This is why I recommend it to you. The effort of explaining a project you’ve worked on to a roomful of people you’re meeting for the first time HAS to force some deeper reflection than you’re used to. Never moving beyond the company of your co-workers means you’re always swimming in the same waters of unspoken assumptions. Creating a presentation forces you to step outside the fishbowl, to see things from the perspective of someone you don’t know. That’s powerful.

Yes, preparing a presentation is a lot of work, if you care about it enough. But presenting can change your relationship with your job and career, and through that it can change your life. It changed mine. Blogging also changed my life, and I think a lot more people should be blogging too. (A post for another day.) Speaking and writing have rewarded me with an interesting career and professional friendships with people far and wide. These opportunities are not for the exceptional few; they are open to everyone.

I mentioned earlier that Bernardine introduced me me Peter Wylie’s book. Back then I could never have predicted that one day he and I would co-author another book. But there it is. It gave me great pleasure to give credit to Bernardine in the acknowledgements; I put a copy in the mail to her just this week. (I also give credit to my former boss, Iain. He was the one who drove me to the hospital on the day of the kidney stone. That’s not why he’s in the acknowledgements, FYI.)

Back to presenting … Peter and I co-presented a workshop on data mining for prospect researchers at the APRA-Canada conference in Toronto in 2010. I’m very much looking forward to co-presenting with him again this coming October in Chicago. (APRA-Illinois Data Analytics Fall Conference … Josh Birkholz will also present, so I encourage you to consider attending.)

Today, playing the role of a Bernardine, I am thinking of who I ought to encourage to present at a conference. I have at least one person in mind, who has worked long and hard on a project that I know people will want to hear about. I also know that the very idea would make her vomit on her keyboard.

But I’ve been there, and I know she will be just fine.

23 December 2013

New from CASE Books: Score!

Filed under: Book, CoolData, Peter Wylie — Tags: , , , — kevinmacdonell @ 9:39 am

CASE_coverAs the year draws to a close, I’m pleased to announce that the book I’ve co-written with Peter Wylie will be available in January. ‘Score!’ joins a host of fine publications in CASE’s new catalog. I’m looking forward to having a look through this catalog for new books for the office. (‘Score’ is featured on page 12.)

So what is this new book about? The full title is Score!: Data-Driven Success for Your Advancement Team, and as a recent of issue of BriefCASE notes: “Kevin MacDonell and Peter Wylie walk readers through compelling arguments for why an organization should adopt data-driven decision-making as well as explanations of basic issues such as identifying and mining the pertinent data and what operations to perform once that data is in hand.”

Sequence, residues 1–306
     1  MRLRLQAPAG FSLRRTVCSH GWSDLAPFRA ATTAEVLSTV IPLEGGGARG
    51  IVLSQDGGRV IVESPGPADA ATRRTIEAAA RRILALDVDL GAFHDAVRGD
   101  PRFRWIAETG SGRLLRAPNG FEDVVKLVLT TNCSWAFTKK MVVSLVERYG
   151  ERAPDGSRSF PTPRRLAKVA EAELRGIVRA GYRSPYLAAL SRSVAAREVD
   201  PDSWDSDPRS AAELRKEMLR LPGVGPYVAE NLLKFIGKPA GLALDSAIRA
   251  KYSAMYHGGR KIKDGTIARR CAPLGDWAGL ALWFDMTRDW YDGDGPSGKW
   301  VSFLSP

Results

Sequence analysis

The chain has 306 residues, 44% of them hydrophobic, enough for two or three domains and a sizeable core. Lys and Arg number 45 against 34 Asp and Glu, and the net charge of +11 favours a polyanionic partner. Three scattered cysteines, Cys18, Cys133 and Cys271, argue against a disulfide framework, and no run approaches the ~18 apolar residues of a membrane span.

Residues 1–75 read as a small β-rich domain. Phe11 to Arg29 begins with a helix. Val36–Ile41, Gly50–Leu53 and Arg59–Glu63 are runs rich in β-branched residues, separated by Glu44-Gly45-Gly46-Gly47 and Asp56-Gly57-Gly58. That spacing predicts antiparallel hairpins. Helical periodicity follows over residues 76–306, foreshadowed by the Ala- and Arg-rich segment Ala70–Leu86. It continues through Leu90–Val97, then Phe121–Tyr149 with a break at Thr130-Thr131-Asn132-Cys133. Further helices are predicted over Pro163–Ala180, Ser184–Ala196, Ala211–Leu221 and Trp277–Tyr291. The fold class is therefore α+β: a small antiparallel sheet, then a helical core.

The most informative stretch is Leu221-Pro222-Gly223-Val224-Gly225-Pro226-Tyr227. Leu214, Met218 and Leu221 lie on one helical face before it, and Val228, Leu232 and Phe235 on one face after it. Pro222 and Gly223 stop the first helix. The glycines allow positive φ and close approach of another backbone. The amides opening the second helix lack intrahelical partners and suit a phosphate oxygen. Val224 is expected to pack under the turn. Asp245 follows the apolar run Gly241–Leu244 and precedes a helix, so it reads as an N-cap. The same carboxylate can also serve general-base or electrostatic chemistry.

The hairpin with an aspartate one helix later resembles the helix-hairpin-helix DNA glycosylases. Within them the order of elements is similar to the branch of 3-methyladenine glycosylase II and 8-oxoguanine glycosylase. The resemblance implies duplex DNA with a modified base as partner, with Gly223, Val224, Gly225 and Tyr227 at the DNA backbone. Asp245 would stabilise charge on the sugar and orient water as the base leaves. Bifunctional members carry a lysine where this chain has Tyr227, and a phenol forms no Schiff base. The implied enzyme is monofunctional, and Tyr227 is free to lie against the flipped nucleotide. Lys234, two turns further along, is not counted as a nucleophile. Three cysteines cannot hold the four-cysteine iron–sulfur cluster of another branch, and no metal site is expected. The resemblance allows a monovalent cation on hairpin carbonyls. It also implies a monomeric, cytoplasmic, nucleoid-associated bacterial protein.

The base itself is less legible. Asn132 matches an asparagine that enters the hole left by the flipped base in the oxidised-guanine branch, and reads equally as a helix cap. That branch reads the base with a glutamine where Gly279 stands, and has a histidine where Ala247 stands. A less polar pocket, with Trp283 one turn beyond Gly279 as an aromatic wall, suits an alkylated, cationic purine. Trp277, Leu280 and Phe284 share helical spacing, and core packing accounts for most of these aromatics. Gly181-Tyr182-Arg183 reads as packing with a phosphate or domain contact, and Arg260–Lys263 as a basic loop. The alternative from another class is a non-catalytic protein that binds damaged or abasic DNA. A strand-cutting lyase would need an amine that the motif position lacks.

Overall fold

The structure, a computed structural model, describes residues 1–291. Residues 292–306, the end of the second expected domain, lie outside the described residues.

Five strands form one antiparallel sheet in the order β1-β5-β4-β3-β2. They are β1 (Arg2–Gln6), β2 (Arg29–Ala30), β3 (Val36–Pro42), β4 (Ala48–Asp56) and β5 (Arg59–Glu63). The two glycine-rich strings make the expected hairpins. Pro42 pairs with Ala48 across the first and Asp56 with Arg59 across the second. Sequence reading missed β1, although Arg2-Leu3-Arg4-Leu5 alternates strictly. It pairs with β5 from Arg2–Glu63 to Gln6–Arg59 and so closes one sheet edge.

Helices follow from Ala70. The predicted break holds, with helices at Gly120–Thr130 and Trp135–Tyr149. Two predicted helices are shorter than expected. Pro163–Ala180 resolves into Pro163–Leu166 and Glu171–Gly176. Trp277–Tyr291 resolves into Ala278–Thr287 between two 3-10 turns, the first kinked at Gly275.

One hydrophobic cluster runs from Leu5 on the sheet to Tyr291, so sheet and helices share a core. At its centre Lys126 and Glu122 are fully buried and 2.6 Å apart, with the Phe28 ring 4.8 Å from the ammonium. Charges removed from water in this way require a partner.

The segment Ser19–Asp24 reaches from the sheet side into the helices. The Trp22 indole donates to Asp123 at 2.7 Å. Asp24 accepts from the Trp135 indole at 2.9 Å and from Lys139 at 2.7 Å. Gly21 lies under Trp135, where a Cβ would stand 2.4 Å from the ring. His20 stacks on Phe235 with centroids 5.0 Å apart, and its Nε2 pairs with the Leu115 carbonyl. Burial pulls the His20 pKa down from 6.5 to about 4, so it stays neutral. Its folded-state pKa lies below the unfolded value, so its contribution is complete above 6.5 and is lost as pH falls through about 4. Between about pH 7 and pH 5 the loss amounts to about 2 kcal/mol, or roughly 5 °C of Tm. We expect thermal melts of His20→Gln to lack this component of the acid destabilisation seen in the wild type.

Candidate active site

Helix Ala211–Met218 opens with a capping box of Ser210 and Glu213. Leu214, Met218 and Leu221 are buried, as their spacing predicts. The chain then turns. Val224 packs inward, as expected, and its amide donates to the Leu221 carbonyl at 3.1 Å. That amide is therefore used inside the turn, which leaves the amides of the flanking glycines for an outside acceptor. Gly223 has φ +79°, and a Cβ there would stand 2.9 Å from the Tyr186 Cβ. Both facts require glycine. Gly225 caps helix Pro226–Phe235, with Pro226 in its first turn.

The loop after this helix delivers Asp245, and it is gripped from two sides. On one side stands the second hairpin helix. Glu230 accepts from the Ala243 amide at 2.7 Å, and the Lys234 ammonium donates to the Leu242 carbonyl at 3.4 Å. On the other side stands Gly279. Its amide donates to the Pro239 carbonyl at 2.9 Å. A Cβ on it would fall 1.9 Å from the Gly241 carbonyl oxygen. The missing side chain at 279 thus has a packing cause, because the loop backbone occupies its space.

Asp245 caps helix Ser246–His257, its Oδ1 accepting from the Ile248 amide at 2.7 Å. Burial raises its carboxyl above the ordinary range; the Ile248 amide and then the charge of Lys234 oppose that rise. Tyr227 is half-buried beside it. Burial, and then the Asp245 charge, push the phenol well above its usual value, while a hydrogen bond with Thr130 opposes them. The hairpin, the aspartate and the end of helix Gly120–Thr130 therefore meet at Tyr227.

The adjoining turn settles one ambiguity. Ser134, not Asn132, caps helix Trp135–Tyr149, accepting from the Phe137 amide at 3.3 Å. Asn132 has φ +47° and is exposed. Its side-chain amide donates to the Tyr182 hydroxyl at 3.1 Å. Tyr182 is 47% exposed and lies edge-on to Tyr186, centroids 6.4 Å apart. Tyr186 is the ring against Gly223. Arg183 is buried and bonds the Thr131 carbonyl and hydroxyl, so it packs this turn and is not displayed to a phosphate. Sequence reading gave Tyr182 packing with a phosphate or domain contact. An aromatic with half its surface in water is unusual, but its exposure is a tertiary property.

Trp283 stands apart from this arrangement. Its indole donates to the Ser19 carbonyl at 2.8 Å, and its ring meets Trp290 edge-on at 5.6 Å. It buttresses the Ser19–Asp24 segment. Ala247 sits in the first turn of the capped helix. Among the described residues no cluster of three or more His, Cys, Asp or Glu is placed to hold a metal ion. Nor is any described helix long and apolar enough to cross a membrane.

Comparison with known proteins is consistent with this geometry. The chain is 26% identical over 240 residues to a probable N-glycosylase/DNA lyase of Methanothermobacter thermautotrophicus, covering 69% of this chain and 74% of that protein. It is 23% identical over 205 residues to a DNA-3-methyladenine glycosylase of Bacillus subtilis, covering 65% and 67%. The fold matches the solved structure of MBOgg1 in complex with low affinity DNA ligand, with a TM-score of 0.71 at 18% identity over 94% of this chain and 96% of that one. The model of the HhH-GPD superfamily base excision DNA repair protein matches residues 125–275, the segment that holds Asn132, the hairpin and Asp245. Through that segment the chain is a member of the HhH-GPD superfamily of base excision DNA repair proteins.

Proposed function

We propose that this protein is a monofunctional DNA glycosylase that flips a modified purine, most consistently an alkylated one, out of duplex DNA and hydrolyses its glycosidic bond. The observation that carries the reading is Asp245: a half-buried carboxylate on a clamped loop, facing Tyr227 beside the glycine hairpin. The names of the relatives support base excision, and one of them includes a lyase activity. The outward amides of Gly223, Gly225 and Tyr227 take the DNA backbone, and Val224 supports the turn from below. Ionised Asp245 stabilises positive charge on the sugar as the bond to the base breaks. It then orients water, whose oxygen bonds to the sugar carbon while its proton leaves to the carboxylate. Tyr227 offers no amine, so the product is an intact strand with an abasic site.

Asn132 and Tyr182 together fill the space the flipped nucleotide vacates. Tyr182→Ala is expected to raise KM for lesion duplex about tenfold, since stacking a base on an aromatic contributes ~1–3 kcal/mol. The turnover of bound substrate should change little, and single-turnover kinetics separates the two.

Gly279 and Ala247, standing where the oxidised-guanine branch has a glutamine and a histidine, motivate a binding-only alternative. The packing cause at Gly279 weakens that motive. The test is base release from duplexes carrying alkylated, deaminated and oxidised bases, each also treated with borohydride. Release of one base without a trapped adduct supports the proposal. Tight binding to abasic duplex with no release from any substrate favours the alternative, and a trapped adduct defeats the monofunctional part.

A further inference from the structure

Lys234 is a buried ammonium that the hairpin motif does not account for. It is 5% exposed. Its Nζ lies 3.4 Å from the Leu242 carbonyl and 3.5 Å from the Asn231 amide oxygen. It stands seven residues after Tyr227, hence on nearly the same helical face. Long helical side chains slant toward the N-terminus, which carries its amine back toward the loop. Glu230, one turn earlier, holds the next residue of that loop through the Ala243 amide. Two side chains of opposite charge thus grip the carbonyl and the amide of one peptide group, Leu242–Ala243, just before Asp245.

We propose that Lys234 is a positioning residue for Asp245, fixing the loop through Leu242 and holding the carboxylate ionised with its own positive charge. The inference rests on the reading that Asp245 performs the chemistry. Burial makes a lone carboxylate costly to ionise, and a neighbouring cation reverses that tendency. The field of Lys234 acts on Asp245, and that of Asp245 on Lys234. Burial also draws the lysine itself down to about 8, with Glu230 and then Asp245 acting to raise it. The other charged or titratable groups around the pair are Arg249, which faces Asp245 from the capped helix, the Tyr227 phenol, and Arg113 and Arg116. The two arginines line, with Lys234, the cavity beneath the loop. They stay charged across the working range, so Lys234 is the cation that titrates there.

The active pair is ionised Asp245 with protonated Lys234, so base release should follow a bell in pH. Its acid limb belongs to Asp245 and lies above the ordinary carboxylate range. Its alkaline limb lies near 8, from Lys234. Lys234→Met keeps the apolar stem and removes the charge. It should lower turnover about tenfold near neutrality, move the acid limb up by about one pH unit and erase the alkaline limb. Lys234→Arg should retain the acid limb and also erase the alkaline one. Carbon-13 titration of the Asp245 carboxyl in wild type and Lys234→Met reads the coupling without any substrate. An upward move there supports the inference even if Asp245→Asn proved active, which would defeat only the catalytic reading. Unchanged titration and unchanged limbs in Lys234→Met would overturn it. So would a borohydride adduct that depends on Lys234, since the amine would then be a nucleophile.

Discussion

You can read the rest of that article here: Ready to Score!?

4 November 2013

Census Zip Code data versus internal data as predictors of alumni giving

Guest post by Peter Wylie and John Sammis

Thanks to data available via the 2010 US Census, for any educational institution that provides us zip codes for the alums in its advancement database, we can compute such things as the median income and the median house value of the zip code in which the alum lives.

Now, we tend to focus on internal data rather than external data. For a very long time the two of us have been harping on something that may be getting a bit tiresome: the overemphasis on finding outside wealth data in major giving, and the underemphasis on looking at internal data. Our problem has been that we’ve never had a solid way to systematically compare these two sources of data as they relate to the prediction of giving in higher education.

John Sammis has done a yeoman’s job of finding a very reasonably priced source for this Census data as well as building some add-ons to our statistical software package – add-ons that allow us to manipulate the data in interesting ways. All this has happened within the last six months or so, and I’ve been having a ball playing around with this data, getting John’s opinions on what I’ve done, and then playing with the data some more.

The data for this piece come from four private, small to medium sized higher education institutions in the eastern half of the United States. We’ll show you a smidgeon of some of the things we’ve uncovered. We hope you’ll find it interesting, and we hope you’ll decide to do some playing of your own.

Download the full, printer-friendly PDF of our study here (free, no registration required): Census ZIP data Wylie & Sammis.

20 August 2013

A book cover for “Score!”

Filed under: Book, Peter Wylie — Tags: , — kevinmacdonell @ 4:45 am

It has been a long time since I’ve offered an update on “Score!”, the forthcoming book I have co-authored with Peter Wylie. I apologize for that.  I do hope that readers who have known about this project for some time will feel that it is worth the wait. The revised date of availability is sometime this fall. (If you like instant gratification from your work, I would suggest you avoid the world of book publishing.)

We do have a cover image to show you. I like the funky colours.

Score_cover